Configuring NGINX for Evennia with SSL

Nginx is a proxy server; you can put it between Evennia and the outside world to serve your game over encrypted connections. Another alternative is HAProxy.

This is NOT a full set-up guide! It assumes you know how to get your own Letsencrypt certificates, that you already have nginx installed, and that you are familiar with Nginx configuration files. If you don’t already use nginx, you are probably better off using the guide for using HAProxy instead.

SSL on the website and websocket

Both the website and the websocket should be accessed through your normal HTTPS port, so they should be defined together.

For nginx, here is an example configuration, using Evennia’s default ports:

server {

	listen [::]:443 ssl;
	listen 443 ssl;
	ssl_certificate	 /path/to/your/cert/file;
	ssl_certificate_key /path/to/your/cert/key;

	location /ws {
		# The websocket connection
		proxy_pass http://localhost:4002;
		proxy_http_version 1.1;
		# allows the handshake to upgrade the connection
		proxy_set_header Upgrade $http_upgrade;
		proxy_set_header Connection "Upgrade";
		# forwards the connection IP
		proxy_set_header X-Forwarded-For $proxy_add_x_forwarded_for;
		proxy_set_header X-Real-IP $remote_addr;
		proxy_set_header Host $host;

	location / {
		# The main website
		proxy_pass http://localhost:4001;
		proxy_http_version 1.1;
		# forwards the connection IP
		proxy_set_header X-Forwarded-For $proxy_add_x_forwarded_for;
		proxy_set_header X-Real-IP $remote_addr;
		proxy_set_header Host $http_host;
		proxy_set_header X-Forwarded-Proto $scheme;

This proxies the websocket connection through the /ws location, and the root location to the website.

For Evennia, here is an example settings configuration that would go with the above nginx configuration, to go in your production server’s server/conf/

The file is not included in git commits and is to be used for secret stuff. Putting your production-only settings in this file allows you to continue using default access points for local development, making your life easier.

# Set the FULL URI for the websocket, including the scheme
# Turn off all external connections

This makes sure that evennia uses the correct URI for websocket connections. Setting LOCKDOWN_MODE on will also prevents any external connections directly to Evennia’s ports, limiting it to connections through the nginx proxies.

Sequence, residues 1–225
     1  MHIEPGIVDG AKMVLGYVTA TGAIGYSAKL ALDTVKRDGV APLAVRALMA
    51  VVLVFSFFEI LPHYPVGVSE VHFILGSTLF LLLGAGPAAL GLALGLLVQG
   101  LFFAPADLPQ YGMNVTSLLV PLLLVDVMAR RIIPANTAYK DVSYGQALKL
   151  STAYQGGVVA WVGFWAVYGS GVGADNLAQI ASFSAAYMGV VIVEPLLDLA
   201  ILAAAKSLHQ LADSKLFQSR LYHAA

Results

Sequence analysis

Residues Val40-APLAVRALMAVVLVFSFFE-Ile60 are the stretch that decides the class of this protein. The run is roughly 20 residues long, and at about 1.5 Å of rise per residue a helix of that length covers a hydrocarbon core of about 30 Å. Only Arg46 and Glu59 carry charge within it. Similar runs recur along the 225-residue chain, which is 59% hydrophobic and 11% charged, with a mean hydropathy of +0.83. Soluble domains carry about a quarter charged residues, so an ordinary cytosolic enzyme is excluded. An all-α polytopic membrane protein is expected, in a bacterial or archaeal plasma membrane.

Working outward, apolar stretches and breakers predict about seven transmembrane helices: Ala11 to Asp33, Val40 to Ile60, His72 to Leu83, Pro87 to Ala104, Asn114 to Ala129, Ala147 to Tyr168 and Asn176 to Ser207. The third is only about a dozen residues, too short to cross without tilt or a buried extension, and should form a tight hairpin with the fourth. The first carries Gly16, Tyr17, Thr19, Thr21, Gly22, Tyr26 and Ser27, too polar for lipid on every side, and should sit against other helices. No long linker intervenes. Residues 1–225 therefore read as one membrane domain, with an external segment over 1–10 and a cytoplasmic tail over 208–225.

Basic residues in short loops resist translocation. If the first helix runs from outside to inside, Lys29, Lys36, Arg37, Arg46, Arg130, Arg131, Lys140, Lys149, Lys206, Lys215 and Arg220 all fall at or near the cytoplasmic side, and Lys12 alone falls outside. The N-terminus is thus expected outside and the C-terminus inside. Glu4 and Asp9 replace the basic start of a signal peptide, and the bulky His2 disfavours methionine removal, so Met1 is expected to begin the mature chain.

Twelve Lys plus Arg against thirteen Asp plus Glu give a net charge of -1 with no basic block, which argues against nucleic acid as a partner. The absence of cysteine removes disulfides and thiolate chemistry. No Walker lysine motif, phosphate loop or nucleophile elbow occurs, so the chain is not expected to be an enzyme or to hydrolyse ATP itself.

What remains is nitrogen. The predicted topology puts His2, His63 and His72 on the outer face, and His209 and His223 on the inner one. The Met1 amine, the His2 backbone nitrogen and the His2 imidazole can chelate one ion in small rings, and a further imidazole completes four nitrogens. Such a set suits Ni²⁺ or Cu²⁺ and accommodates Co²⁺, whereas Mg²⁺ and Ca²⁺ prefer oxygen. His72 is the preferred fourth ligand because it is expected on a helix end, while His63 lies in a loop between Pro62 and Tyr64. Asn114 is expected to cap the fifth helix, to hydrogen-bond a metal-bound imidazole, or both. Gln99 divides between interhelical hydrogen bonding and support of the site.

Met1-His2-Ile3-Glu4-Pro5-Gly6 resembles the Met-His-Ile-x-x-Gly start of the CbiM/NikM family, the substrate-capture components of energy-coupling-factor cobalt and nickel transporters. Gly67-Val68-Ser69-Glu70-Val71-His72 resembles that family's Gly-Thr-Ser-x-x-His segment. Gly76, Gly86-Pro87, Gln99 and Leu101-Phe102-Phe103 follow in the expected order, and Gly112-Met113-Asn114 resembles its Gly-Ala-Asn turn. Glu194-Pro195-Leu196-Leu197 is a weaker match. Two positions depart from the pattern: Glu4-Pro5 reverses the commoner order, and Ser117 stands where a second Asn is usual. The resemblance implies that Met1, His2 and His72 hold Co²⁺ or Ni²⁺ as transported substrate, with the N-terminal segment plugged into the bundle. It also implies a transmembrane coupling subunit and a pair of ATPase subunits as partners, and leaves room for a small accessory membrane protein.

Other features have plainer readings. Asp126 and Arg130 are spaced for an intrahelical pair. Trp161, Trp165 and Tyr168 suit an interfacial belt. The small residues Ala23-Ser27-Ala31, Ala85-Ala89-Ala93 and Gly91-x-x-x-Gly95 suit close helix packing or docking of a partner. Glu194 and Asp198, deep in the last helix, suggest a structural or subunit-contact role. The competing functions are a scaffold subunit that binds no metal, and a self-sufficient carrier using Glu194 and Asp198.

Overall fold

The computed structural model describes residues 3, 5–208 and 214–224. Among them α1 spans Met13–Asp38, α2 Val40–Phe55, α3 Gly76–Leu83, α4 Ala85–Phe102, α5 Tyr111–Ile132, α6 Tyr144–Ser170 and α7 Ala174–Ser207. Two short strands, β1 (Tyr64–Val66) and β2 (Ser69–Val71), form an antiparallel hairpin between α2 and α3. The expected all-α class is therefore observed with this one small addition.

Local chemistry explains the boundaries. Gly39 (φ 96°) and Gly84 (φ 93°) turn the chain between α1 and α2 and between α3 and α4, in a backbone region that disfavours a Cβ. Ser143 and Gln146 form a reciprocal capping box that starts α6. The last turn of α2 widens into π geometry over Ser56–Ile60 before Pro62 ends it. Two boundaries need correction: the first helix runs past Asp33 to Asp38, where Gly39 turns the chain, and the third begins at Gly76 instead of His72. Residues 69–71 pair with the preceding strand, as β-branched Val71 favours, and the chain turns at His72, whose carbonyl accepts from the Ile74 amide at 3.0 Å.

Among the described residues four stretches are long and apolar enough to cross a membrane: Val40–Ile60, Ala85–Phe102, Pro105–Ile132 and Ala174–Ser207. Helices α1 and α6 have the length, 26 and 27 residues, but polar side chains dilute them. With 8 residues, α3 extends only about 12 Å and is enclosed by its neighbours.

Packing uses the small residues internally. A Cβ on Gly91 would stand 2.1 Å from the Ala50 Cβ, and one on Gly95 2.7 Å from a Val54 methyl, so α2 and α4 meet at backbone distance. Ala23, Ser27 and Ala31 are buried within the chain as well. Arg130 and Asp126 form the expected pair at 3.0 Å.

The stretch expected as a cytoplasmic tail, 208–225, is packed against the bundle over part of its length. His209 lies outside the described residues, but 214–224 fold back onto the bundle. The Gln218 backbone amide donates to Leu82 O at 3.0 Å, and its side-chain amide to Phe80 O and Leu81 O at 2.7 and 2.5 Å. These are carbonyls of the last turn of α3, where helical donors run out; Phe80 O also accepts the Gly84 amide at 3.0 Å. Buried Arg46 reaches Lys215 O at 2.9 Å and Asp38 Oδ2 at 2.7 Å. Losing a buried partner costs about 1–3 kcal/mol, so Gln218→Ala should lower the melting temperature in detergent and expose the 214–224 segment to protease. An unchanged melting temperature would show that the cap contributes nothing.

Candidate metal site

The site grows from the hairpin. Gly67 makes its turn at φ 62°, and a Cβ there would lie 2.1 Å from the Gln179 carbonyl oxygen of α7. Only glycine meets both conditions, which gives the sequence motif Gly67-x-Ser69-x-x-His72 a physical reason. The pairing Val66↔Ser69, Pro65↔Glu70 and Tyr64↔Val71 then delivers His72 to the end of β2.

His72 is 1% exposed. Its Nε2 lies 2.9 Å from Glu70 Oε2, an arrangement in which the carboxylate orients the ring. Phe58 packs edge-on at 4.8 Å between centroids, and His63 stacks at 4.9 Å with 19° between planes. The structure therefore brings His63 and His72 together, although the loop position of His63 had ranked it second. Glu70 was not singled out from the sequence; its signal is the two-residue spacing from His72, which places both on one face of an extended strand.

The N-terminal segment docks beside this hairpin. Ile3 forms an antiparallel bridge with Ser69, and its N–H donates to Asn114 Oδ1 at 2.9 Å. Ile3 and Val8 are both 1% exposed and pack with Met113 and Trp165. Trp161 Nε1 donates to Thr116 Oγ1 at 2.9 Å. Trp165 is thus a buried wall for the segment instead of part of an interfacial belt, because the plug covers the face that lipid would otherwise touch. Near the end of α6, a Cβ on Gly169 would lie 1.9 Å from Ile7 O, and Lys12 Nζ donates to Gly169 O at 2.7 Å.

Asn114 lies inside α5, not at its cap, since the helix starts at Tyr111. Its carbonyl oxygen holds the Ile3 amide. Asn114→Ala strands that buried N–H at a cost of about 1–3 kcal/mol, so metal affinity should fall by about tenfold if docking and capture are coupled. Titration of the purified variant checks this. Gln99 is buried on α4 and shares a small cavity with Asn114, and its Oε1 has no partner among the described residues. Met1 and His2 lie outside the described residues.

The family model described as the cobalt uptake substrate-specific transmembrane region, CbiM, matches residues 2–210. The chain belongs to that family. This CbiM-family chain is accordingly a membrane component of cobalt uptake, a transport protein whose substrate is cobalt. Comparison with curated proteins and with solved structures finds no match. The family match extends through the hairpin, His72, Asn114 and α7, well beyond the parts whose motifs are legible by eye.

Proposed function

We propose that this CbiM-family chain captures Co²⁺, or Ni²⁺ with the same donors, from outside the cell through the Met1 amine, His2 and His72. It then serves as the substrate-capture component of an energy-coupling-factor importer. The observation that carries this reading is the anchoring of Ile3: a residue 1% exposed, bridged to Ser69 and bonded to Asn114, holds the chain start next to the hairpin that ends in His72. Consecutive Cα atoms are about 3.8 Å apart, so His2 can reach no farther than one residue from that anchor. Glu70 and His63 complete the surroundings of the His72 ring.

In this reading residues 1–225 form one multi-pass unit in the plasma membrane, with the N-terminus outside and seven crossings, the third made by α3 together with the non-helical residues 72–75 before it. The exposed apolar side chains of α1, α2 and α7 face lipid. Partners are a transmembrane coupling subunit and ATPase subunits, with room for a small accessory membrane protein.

Telnet SSL

This will proxy ALL telnet access through nginx! If you want players to connect directly to Evennia’s telnet ports instead of going through nginx, leave LOCKDOWN_MODE off and use a different SSL implementation, such as activating Evennia’s internal telnet SSL port (see settings.SSL_ENABLED and settings.SSL_PORTS in default settings file).

If you’ve only used nginx for websites, telnet is slightly more complicated. You need to set up stream parameters in your primary configuration file - e.g. /etc/nginx/nginx.conf - which default installations typically will not include.

We chose to parallel the http structure for stream, adding conf files to streams-available and having them symlinked in streams-enabled, the same as other sites.

stream {
	include /etc/nginx/conf.streams.d/*.conf;
	include /etc/nginx/streams-enabled/*;

Then of course you need to create the required folders in the same location as your other nginx configurations:

$ sudo mkdir conf.streams.d streams-available streams-enabled

An example configuration file for the telnet connection - using an arbitrary external port of 4040 - would then be:

server {
	listen [::]:4040 ssl;
	listen 4040 ssl;

	ssl_certificate  /path/to/your/cert/file;
	ssl_certificate_key  /path/to/your/cert/key;

	# connect to Evennia's internal NON-SSL telnet port
	proxy_pass localhost:4000;
	# forwards the connection IP - requires --with-stream-realip-module
	set_real_ip_from $realip_remote_addr:$realip_remote_port

Players can now connect with telnet+SSL to your server at - but not to the internal connection of 4000.

IMPORTANT: With this configuration, the default front page will be WRONG. You will need to change the index.html template and update the telnet section (NOT the telnet ssl section!) to display the correct information.

Don’t Forget!

certbot will automatically renew your certificates for you, but nginx won’t see them without reloading. Make sure to set up a monthly cron job to reload your nginx service to avoid service interruptions due to expired certificates.